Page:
These works, and this recording, work for me. Listening to Korngold's Op.1, you'd never suspect he was 12 years old when he composed it. It's the work of a mature composer, albeit one who would go on to find more of his own voice. But that's the case with all great artists of course. And Zemlinksy's works are always ingenious and rewarding. The professional relationship between these two composers makes the relationship between these two trios all the more interesting. As usual, the Beaux Arts Trio plays impeccably and Philips has created a magnificent recording.
Originally recorded for the small Music Masters label in the early '90s, this set of Bach's keyboard concertos was among a series of choice Music Masters items reissued by Nimbus late in the first decade of the 21st century. The Russians have never been known for Bach, but this is a solid traversal that can be recommended to anyone wanting to hear these concertos on a piano accompanied by modern instruments. Despite these forces, there is a good deal of influence from the British historical-instrument movement apparent here; the crisp string playing avoids any hint of Romantic sheen, and Feltsman is very subtle in his introduction of purely pianistic elements. The long notes in the slow movements tend to be just a bit more extended than would be possible on a harpsichord, and Feltsman thus creates a smooth, pearly texture that's quite lyrical. In several of the finales he pushes the tempo to high speeds, creating an entirely different effect on a piano that the music would have on a harpsichord.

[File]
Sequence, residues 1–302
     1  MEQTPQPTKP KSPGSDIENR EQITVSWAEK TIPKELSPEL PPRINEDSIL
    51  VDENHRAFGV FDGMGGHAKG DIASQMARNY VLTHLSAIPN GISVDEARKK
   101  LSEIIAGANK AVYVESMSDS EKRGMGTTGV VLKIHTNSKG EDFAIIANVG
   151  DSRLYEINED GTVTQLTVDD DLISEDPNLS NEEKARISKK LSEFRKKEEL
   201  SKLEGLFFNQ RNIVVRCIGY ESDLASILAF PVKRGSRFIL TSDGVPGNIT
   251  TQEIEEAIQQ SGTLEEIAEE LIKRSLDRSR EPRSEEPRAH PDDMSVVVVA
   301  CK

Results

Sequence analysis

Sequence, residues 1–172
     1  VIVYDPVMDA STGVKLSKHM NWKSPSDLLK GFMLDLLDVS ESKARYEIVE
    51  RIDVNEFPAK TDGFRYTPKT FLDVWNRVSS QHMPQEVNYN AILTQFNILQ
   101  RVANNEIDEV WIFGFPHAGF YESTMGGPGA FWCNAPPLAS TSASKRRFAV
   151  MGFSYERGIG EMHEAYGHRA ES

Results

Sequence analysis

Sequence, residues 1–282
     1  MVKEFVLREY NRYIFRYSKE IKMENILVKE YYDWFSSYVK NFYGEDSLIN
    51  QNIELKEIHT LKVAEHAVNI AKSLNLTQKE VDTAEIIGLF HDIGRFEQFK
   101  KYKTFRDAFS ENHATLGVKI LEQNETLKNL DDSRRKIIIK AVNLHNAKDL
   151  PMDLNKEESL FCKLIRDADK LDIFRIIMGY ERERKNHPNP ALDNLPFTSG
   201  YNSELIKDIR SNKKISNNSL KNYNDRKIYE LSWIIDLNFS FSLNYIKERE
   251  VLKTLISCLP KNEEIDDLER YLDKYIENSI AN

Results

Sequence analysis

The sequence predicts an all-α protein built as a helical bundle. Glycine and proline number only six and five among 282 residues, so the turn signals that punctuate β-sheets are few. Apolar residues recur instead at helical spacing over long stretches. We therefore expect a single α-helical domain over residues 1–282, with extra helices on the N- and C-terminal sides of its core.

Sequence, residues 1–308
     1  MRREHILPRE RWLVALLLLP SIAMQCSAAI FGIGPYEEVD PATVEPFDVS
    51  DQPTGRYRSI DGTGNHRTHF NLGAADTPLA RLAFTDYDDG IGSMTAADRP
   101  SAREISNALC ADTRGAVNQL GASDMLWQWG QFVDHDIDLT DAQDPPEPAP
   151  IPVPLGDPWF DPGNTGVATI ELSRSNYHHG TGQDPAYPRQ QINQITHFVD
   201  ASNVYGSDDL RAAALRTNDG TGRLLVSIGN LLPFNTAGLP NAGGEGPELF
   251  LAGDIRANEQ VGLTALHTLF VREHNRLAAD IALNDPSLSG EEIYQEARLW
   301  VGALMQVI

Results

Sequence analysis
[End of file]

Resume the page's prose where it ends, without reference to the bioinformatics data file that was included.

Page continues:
The Augustinus Muziekcentrum in Antwerp is a deconsecrated church repurposed for concerts, especially in the field of early music. The venue may work well for some pieces, but it's bothersome in this program of comic vocal and instrumental music by Telemann, where it's completely inappropriate. The two comic cantatas here presuppose an intimate environment of connoisseurs, but the voice of soprano soloist Dorothee Mields gets lots in the church's vast spaces to such an extent that text intelligibility is a problem, even with the aid of printed texts in German, Dutch, French, and English./quote]